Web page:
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Court considers that in the particular circumstances the question whether the relevant law was sufficiently clear and foreseeable cannot be separated from the issue of proportionality. 21. Applying the criteria set out in Velikovi and Others (cited above, §§ 183-192), the Court notes that the applicant's title was declared null and void and she was deprived of her property on the ground that relevant documents in 1967 had been signed by the deputies to the officials in whom the relevant power had been vested (see paragraph 9 above). These deficiencies were clearly attributable to omissions on the part of the administration, not to the applicant's parents. 22. The Court considers therefore that the present case is similar to those of Bogdanovi and Tzilevi, examined in Velikovi and Others (see §§ 220 and 224 of the judgment, cited above), where it held that in such cases the fair balance required by Article 1 of Protocol No. 1 could not be achieved without adequate compensation. 23. The question thus arises whether adequate compensation was provided to the applicant. 24. In 2004, following the final judgment in her case, she could apply for compensation bonds but failed to do so. However, as the Court found in Velikovi and Others cited above, § 226, and in a number of subsequent cases (see Koprinarovi v. Bulgaria, no. 57176/00, § 31, 15 January 2009; Dimitar and Anka Dimitrovi v. Bulgaria, no. 56753/00, § 31, 12 February 2009; and Vladimirova and Others v. Bulgaria, no. 42617/02, § 40, 26 February 2009), owing to the instability of bond prices and the frequent changes in the relevant rules, it could not be considered that at the time the bond scheme secured adequate compensation. Therefore, the applicant's failure to use the bond compensation scheme must be taken into consideration under Article 41, but cannot decisively affect the outcome of the Article 1 Protocol No. 1 complaint. 25. Furthermore, the applicant's request for bonds submitted in November 2006 was dismissed (see paragraph 11 above). 26. In these circumstances the Court finds that no clear, timely and foreseeable opportunity to obtain adequate compensation was available to the applicant. 27. It follows that a fair balance between the public interest and the need to protect the applicant's rights was not achieved. There has therefore been a violation of Article 1 of Protocol No. 1. II. ALLEGED VIOLATION OF ARTICLES 8 AND 14 OF THE CONVENTION 28. The applicant complained under Article 8 of the Convention that she had been deprived of her home and under Article 14 that she had been discriminated against in that the Restitution Law favoured pre-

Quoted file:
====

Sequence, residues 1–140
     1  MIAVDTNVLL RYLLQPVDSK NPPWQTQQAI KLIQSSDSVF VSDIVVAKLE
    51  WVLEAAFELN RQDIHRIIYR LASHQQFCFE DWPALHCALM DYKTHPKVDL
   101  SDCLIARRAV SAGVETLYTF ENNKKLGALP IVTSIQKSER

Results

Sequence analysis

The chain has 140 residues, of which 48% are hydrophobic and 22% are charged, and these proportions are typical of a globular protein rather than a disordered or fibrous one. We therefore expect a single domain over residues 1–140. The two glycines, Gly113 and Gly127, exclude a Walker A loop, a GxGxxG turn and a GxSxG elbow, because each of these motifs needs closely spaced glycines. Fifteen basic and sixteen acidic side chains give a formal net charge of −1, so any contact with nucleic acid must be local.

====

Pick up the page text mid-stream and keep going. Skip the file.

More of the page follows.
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nationalisation owners and the State to the detriment of post-nationalisation owners. A. Admissibility 29. The Court notes that these complaints are not manifestly ill-founded within the meaning of Article 35 § 3 of the Convention. It further notes that they are not inadmissible on any other grounds. They must therefore be declared admissible. B. Merits 30. Having regard to its conclusions under Article 1 of Protocol No. 1 and the approach in its Velikovi and Others judgment, the Court is of the view that no separate issues arise under Articles 8 and 14 (see, mutatis mutandis, Velikovi and Others, cited above, § 252). III. APPLICATION OF ARTICLE 41 OF THE CONVENTION 31. Article 41 of the Convention provides: “If the Court finds that there has been a violation of the Convention or the Protocols thereto, and if the internal law of the High Contracting Party concerned allows only partial reparation to be made, the Court shall, if necessary, afford just satisfaction to the injured party.”